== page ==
Whalers Great Route Ultra-Trail® (WGR118k)
The Azores islands were marked for over a century by whaling. Whaling left indelible signs within the Azorean cultural identity, being now a part of the collective Azorean Imaginarium. With the end of sperm whale hunting in the last century's 80's decade, a vast patrimony related to this activity remained throughout the archipelago. In all islands, multiple testimonies attest to the technological, social, economic, and historical aspects of the Azorean whaling are still visible.
Whalers Great Route Ultra-Trail® – Whalers Great Route Ultra-Trail® (WGR118k) begins at Salão whaling post (Faial), used from the 19th century until the end of the whaling activity. It integrates two seasonal houses and Salão’s slipway. The trail follows towards Cedros parish passing through Cedros’s Whale watch post and Cascalhos’s Holy Ghost Empire. It continues towards Praia do Norte’s Fajã. This small settlement is located at an Island’s topographical lowering, next to Ribeira das Cabra’s bay, overlooking an imposing hillside covered by Laurel forest vegetation typical of Macaronesia’s archipelagos. In the village, there’s a supply in a cellar next to Nossa Senhora da Penha de França’s Hermitage, whose construction dates back to around 1787.
Eventually, you will arrive at São Sebastião fort. This ancient maritime defense fortification of the island is located in one of the Most Beautiful Bays in the World and whose construction dates back to the early 17th century. It is also where the first American whaling ships stocked not only water but also seamen. This fact gave rise to whaling in the Azores, showing that Azoreans were among the best whalers in the world. Also, the worldwide famous Moby dick saga mentioned the Azorean whalers.
Afterward, you will pass through Angústias (Faial) Whale complex, which integrates the following properties: Porto Pim Whale factory, old factory, Reis & Martins warehouse, boat house, and Santa Cruz slipway. This complex was built at the end of the 19th century operating until the end of whaling activity.
The athletes will find emblematic places of rare beauty, like Porto Pim Beach, Monte da Guia, Monte Queimado, Monte das Moças (Prince Albert of Monaco Observatory), Horta marina, and the avenue by the sea. They will run on ancient access paths and trails to the primitive village of Horta. The route goes through the fractured terrain of Faial’s Eastern Coast, a region deeply worked by tectonics, starting in Espalamaca and characterized by a complex tectonic structure, dominated by roughly parallel faults, direction WNW-ESE, which is a local manifestation of Faial-Pico Fracture. Some of these fractures have very pronounced elevations, locally called “Lombas” and deep areas called “Afundamentos,” flanked by large cliffs of exposed boulders, such as Praia do Almoxarife (Pedro Miguel) parish’s graben. This graben is an imposing geological formation, plunging into the sea in the small beach that gave the parish its name. Several volcanic cones and lava flows arose as a consequence of this tectonic activity.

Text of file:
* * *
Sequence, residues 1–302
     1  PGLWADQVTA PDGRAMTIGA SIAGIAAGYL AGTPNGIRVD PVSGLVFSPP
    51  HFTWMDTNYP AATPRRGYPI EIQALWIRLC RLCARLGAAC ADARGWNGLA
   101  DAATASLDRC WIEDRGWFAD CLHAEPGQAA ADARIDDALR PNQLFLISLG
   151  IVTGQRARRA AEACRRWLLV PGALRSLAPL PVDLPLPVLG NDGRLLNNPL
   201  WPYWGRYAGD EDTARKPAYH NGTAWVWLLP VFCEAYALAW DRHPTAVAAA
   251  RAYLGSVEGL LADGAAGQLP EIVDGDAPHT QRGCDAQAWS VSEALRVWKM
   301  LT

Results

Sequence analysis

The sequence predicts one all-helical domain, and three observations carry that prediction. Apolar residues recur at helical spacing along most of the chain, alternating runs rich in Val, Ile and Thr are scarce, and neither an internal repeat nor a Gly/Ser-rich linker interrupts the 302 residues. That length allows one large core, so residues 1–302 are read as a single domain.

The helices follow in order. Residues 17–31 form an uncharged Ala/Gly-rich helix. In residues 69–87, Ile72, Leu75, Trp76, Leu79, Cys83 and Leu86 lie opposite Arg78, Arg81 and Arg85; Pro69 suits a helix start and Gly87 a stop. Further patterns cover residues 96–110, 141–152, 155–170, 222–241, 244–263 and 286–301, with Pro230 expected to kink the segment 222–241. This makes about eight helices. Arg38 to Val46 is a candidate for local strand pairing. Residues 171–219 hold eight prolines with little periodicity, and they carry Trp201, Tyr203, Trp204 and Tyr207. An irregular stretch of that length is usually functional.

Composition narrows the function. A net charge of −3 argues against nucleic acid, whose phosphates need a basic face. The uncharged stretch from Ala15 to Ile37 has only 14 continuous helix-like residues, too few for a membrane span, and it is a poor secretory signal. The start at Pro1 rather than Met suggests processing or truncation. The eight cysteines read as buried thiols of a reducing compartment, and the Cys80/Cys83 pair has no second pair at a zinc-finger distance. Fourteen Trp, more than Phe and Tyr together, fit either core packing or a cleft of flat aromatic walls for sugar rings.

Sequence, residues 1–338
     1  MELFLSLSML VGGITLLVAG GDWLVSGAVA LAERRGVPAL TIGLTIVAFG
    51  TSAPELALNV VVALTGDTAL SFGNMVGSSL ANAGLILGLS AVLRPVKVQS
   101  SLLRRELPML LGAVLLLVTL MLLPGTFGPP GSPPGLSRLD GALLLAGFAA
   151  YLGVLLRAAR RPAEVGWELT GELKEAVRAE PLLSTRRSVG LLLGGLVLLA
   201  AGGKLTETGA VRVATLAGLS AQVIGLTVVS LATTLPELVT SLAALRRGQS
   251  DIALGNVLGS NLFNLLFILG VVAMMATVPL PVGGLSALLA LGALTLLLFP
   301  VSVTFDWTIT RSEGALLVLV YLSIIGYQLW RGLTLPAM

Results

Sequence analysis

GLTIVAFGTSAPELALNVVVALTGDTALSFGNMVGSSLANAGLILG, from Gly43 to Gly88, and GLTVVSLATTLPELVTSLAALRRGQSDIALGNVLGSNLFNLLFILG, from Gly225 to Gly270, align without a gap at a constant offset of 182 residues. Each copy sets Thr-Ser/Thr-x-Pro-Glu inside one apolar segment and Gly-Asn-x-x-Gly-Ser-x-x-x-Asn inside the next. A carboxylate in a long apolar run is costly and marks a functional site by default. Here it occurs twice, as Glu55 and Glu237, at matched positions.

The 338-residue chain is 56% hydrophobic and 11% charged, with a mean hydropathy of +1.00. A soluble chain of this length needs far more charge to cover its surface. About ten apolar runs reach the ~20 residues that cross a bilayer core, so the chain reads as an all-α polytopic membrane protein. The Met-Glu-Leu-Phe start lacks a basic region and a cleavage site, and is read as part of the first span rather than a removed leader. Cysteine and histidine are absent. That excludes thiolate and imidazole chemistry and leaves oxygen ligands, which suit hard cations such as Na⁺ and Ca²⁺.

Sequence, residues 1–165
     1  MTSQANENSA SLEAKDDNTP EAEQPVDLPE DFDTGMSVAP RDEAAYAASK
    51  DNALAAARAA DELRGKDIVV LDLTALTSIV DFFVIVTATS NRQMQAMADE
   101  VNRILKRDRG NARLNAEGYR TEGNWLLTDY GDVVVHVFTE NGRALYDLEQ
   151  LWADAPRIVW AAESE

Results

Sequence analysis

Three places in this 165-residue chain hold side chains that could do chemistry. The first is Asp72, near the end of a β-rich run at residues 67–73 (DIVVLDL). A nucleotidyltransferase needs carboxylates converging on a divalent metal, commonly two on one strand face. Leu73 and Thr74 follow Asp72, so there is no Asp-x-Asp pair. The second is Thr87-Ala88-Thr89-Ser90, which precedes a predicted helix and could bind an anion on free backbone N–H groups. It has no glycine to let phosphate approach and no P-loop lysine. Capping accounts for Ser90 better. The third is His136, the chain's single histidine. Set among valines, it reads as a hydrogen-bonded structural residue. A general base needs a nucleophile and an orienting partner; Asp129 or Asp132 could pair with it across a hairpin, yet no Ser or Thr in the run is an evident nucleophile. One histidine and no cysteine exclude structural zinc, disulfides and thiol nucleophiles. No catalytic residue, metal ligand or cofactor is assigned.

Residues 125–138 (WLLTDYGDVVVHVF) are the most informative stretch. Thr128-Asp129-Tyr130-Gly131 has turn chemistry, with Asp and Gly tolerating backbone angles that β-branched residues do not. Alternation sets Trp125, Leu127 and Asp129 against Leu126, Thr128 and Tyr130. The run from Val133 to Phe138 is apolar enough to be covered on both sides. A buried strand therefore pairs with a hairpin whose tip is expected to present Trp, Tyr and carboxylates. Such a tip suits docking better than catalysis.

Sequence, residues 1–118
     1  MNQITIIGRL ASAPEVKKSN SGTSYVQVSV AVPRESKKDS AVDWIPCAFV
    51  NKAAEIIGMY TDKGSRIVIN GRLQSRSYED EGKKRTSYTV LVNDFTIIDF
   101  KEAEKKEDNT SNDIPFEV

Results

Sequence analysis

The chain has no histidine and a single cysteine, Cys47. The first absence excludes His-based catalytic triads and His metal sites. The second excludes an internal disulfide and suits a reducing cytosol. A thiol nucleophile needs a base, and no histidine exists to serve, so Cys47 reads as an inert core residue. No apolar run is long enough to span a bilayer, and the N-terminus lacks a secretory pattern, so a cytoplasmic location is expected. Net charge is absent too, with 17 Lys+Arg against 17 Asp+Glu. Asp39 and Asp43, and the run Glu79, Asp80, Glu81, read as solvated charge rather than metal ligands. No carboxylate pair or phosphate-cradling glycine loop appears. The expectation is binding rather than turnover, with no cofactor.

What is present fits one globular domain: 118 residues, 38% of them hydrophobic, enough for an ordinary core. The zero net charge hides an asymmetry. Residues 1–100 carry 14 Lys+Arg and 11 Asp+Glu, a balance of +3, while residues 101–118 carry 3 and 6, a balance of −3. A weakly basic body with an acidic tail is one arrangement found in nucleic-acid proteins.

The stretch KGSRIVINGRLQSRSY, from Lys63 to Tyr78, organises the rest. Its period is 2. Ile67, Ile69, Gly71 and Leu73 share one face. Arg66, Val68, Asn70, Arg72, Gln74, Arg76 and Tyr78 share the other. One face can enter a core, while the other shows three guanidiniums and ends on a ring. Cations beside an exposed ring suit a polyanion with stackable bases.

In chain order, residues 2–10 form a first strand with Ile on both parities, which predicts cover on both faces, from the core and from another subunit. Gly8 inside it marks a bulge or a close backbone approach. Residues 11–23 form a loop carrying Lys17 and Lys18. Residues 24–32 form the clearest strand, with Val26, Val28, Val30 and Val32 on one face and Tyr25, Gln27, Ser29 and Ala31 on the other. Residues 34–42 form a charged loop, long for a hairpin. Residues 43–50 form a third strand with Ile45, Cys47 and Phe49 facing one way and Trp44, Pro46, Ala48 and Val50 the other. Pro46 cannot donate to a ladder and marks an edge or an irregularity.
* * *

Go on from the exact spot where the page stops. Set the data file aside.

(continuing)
Arriving at Ribeirinha parish’s center, the route goes to the old port – Boca da Ribeira Port. This old whaling slipway was only used during the 19th century.
Afterward, you’ll be transported to other times when the inhabitants used these “roads” to carry goods between the villages by their means or aided by animals. Passing by a lighthouse, destroyed during the 1998 seismic crisis, keeps reminding us of the volcanic nature of these islands. A significant part of the trail is made in the biggest and most spectacular “graben” of the archipelago, a big piece of land that collapsed between two tectonic faults. Passing by Lomba Grande, the slope of one of these faults, the trail ends at the central caldera, the biggest and most important volcano of the island, where the Ten Volcanoes Trail starts.
The trail passes by Faial Nature Park protected areas, considered a European Destiny of Excellence (EDEN) by the European Commission, and it is the only area in Portugal with this classification. It transports us to a journey in time, in the history of the geology of Faial. It goes from coast to coast, following the formation of the island.
The last part corresponds to the Trail of the Ten Volcanoes. As the name indicates, it starts at one of and most spectacular volcanic calderas on the planet. It passes, along its 22 km, by the ten most important volcanoes of Capelo Peninsula’s fissural alignment. Biodiversity and geodiversity are a constant on this course, standing out the astonishing landscapes of this peninsula, where a great part of the Azore's endemic plants can be found in its natural state. This trail crosses the most recent volcanic cones of Faial Island. It ends at Portugal’s youngest territory, Capelinhos Volcano, an authentic moonscape, where it is possible to step on only 57 years old terrain formed mainly by ashes, tuff, and volcanic bombs, one of the most important geologic places in the world, the dormant Capelinhos Volcano.
It ends at Comprido’s port, at sea level, on the main and largest whaling station of the Azores between 1940 and 1957.